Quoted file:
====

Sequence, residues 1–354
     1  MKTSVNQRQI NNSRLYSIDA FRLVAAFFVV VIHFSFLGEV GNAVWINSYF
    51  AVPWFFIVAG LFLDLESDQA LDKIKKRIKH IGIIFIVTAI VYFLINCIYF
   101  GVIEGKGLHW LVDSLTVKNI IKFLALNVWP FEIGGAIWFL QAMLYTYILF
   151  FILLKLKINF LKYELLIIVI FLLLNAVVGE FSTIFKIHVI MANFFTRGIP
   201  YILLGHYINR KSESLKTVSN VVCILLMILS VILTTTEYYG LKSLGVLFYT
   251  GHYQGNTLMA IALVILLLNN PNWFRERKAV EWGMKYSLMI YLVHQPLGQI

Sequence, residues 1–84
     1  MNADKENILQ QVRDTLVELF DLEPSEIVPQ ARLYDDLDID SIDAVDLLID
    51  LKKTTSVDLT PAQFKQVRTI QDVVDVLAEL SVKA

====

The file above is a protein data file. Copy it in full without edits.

Sequence, residues 1–354
     1  MKTSVNQRQI NNSRLYSIDA FRLVAAFFVV VIHFSFLGEV GNAVWINSYF
    51  AVPWFFIVAG LFLDLESDQA LDKIKKRIKH IGIIFIVTAI VYFLINCIYF
   101  GVIEGKGLHW LVDSLTVKNI IKFLALNVWP FEIGGAIWFL QAMLYTYILF
   151  FILLKLKINF LKYELLIIVI FLLLNAVVGE FSTIFKIHVI MANFFTRGIP
   201  YILLGHYINR KSESLKTVSN VVCILLMILS VILTTTEYYG LKSLGVLFYT
   251  GHYQGNTLMA IALVILLLNN PNWFRERKAV EWGMKYSLMI YLVHQPLGQI

Sequence, residues 1–84
     1  MNADKENILQ QVRDTLVELF DLEPSEIVPQ ARLYDDLDID SIDAVDLLID
    51  LKKTTSVDLT PAQFKQVRTI QDVVDVLAEL SVKA